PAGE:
Understanding, Characterizing, and Modeling Complex Hydrologic Systems

Carbon-Water-Nutrient Cycle Interaction

Schematic of the canopy, root, and soil system (MLCan) model. Shortwave radiation components (photosynthetically active and near-infrared radiation) are attenuated through the canopy, accounting for absorbed, transmitted, and reflected fractions at each layer. Direct (red) and diffuse (pink) components of the shortwave streams are considered separately to account for sunlit and shaded leaf fractions at each canopy level. The longwave radiation regime accounts for absorption and emission by the foliage in each canopy layer. Transmitted radiation fluxes drive the soil temperature model. Wind speed is resolved within the canopy space, as are gradients in concentrations of CO2, water vapor, and heat. Rainfall and dew accumulate on foliage, resulting in evaporation and a reduction in throughfall to the soil. Rainfall and dew replenish the subsurface moisture store that supplies the root water uptake. A multilayer soil and root system model incorporating hydraulic redistribution are used to compute moisture uptake through the root zone. At leaf-level scale, ecophysiological (photosynthesis and stomatal conductance) and physical (boundary layer conductance and energy balance) components are coupled to determine the flux densities of CO2, water vapor, and heat as function of ambient environmental conditions and radiation drivers.

This research consists of two major themes. First, we examine the role of elevated CO2 in the atmosphere on vegetation and hydrologic response. Elevated CO2 in the atmosphere leads to a number of acclimatory responses in vegetation. These include structural changes such as, increase in vegetation height or foliage density, ecophysiological changes such as reduction in stomatal conductance, and biochemical changes such as photosynthetic down-regulation. Furthermore, the allocation of assimilated carbon to different vegetation parts such as leaves, roots, stem and seeds is also altered such that empirical allometric relations are no longer valid. These acclimatory responses have significant impact on hydrologic fluxes both pertaining to water and energy with the possibility of large-scale hydrologic influence. Our research develops models, rooted in observational data, for capturing the pathways of acclimatory response to provide accurate ecohydrologic predictions.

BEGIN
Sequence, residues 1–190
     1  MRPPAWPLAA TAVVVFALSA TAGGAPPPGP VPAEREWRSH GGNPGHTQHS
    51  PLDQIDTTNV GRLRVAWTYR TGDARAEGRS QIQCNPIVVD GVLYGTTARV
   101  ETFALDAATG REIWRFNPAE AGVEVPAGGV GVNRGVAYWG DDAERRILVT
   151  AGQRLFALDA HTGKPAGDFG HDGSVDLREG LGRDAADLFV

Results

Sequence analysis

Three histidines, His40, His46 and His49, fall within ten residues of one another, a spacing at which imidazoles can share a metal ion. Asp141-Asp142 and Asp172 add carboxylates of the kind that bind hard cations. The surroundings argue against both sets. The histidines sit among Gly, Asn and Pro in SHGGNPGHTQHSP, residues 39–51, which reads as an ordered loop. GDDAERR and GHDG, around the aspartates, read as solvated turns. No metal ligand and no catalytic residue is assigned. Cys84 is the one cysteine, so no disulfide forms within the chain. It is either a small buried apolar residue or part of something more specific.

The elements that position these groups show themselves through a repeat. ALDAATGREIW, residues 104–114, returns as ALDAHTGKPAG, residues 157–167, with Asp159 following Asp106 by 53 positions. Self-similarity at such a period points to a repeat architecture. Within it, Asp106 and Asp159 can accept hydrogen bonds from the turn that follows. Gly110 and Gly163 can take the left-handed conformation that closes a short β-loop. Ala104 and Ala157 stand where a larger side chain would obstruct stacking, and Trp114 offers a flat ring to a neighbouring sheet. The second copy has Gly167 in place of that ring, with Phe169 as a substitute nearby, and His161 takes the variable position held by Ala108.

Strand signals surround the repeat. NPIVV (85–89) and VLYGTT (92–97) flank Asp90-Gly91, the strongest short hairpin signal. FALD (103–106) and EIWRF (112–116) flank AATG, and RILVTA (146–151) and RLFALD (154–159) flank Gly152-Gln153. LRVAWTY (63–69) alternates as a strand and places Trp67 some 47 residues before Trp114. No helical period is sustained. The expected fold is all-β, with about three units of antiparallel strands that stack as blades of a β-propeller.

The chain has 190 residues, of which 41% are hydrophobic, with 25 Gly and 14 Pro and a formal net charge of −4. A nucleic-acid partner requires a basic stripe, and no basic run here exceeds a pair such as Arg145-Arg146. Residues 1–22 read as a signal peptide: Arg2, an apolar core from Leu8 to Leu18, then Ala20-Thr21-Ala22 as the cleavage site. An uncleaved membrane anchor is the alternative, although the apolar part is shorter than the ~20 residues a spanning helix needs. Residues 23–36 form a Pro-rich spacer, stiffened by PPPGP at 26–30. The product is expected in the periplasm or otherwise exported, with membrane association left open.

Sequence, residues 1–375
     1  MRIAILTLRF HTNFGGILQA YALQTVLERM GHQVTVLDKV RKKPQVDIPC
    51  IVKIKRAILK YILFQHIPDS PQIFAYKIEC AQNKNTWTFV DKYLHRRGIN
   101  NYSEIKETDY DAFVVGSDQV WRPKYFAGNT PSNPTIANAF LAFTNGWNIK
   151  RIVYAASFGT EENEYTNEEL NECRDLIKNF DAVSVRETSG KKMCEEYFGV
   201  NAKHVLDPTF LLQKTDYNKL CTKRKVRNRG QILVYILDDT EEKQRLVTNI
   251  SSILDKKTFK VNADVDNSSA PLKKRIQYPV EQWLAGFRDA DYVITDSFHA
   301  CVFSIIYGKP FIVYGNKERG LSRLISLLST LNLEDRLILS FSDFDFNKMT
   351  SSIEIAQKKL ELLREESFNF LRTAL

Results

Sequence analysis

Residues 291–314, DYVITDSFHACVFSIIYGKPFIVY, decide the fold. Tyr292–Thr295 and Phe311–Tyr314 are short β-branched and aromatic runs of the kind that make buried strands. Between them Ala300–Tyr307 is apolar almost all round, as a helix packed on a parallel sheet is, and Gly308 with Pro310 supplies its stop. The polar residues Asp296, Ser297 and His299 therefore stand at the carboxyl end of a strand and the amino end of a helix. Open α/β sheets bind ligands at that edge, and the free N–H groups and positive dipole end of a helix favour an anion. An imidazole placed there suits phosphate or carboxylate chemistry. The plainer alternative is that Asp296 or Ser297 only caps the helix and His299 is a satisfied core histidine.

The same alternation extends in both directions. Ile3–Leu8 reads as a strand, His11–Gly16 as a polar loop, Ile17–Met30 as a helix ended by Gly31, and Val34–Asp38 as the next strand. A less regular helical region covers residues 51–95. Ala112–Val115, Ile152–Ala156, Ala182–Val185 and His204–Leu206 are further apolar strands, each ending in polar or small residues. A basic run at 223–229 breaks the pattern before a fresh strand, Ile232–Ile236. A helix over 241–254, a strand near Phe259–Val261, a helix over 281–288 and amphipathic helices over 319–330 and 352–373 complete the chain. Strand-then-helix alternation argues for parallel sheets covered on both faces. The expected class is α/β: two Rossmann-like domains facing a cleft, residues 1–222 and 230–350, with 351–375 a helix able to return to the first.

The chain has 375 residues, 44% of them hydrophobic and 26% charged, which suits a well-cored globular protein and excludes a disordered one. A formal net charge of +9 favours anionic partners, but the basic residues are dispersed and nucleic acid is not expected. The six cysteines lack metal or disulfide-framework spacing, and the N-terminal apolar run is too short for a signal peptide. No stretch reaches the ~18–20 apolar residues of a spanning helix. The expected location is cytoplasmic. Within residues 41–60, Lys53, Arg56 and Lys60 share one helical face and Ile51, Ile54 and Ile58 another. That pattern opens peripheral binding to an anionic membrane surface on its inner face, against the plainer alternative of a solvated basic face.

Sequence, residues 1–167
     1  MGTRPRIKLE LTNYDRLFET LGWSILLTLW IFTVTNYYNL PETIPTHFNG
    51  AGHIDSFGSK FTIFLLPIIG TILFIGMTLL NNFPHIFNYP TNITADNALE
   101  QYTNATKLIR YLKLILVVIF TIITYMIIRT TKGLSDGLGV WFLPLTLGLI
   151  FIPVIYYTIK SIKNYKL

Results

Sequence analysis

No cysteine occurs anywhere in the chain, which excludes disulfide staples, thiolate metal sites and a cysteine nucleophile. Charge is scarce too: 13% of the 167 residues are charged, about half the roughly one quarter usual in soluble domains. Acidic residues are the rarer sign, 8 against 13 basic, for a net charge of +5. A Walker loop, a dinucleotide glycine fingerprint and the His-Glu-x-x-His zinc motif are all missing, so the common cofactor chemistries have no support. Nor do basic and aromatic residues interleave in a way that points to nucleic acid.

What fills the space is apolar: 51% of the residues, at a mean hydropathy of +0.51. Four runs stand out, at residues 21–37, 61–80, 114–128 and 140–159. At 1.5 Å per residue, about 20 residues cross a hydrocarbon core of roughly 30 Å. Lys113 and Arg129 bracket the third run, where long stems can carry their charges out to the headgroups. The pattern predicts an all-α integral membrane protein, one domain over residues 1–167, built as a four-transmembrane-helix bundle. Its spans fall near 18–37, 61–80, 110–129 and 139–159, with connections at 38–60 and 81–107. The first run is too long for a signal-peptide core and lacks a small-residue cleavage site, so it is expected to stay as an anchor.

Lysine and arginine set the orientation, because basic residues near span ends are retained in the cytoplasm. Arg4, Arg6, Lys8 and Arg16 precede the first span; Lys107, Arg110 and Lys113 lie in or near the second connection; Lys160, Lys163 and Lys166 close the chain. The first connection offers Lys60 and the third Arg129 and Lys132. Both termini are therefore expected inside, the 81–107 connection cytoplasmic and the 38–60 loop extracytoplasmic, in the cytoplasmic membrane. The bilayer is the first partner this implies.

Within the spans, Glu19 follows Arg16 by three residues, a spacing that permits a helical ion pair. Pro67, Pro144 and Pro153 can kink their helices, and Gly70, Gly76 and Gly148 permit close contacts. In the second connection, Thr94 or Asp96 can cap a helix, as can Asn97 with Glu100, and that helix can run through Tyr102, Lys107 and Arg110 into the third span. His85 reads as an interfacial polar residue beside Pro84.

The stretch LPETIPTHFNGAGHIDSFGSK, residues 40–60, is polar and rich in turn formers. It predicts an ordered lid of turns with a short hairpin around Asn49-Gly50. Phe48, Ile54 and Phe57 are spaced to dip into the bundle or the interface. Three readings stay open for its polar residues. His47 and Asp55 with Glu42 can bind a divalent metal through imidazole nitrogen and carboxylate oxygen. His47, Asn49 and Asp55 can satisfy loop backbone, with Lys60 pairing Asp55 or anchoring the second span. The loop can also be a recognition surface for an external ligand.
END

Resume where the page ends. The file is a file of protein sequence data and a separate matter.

Second, we study the role of root-water uptake from hydraulic redistribution in shaping the above- and below-ground interactions in the critical. Hydraulic redistribution (HR) impacts the water and energy balance at the land-surface and affect belowground temperature and moisture profile. As a result they impact the carbon and nitrogen dynamics in the soil including residence times, transformations, storage and transport. Our models show how these dynamics occur at space and time scales and across climate gradients.

Key Publications:
1. Quijano, J. C., P. Kumar, and D. T. Drewry (2013), Passive regulation of soil biogeochemical cycling by root water transport, Water Resour. Res., 49, 3729–3746, doi:10.1002/wrcr.20310. - link to article
2. Quijano, J. C., P. Kumar, D. T. Drewry, A. Goldstein, and L. Misson (2012), Competitive and mutualistic dependencies in multispecies vegetation dynamics enabled by hydraulic redistribution, Water Resour. Res., 48, W05518, doi:10.1029/ 2011WR011416. - link to article
3. Le P. V. V., P. Kumar, D. T. Drewry, J.C. Quijano (2012). A graphical user interface for numerical modeling of acclimation responses of vegetation to climate change. Computers & Geosciences, 49: 91–101. - link to article
4. Le P. V. V., P. Kumar, D.T. Drewry (2011) Implications for the hydrologic cycle under climate change due to the expansion of bioenergy crops in the Midwestern United States. Proceedings of the National Academy of Sciences of the United States of America , 108, 15085–15090. - link to article
5. Drewry D. T., Kumar P., Long S. P., Bernacchi C. J., Liang X.-Z. & Sivapalan M. (2010a) Ecohydrological responses of dense canopies to environmental variability: 1. Interplay between vertical structure and photosynthetic pathway. Journal of Geophysical Research 115, G04022. - link to article
6. Drewry D. T., Kumar P., Long S. P., Bernacchi C. J., Liang X.-Z. & Sivapalan M. (2010b) Ecohydrological responses of dense canopies to environmental variability: 2. Role of acclimation under elevated CO2. Journal of Geophysical Research 115, G04023 - link to article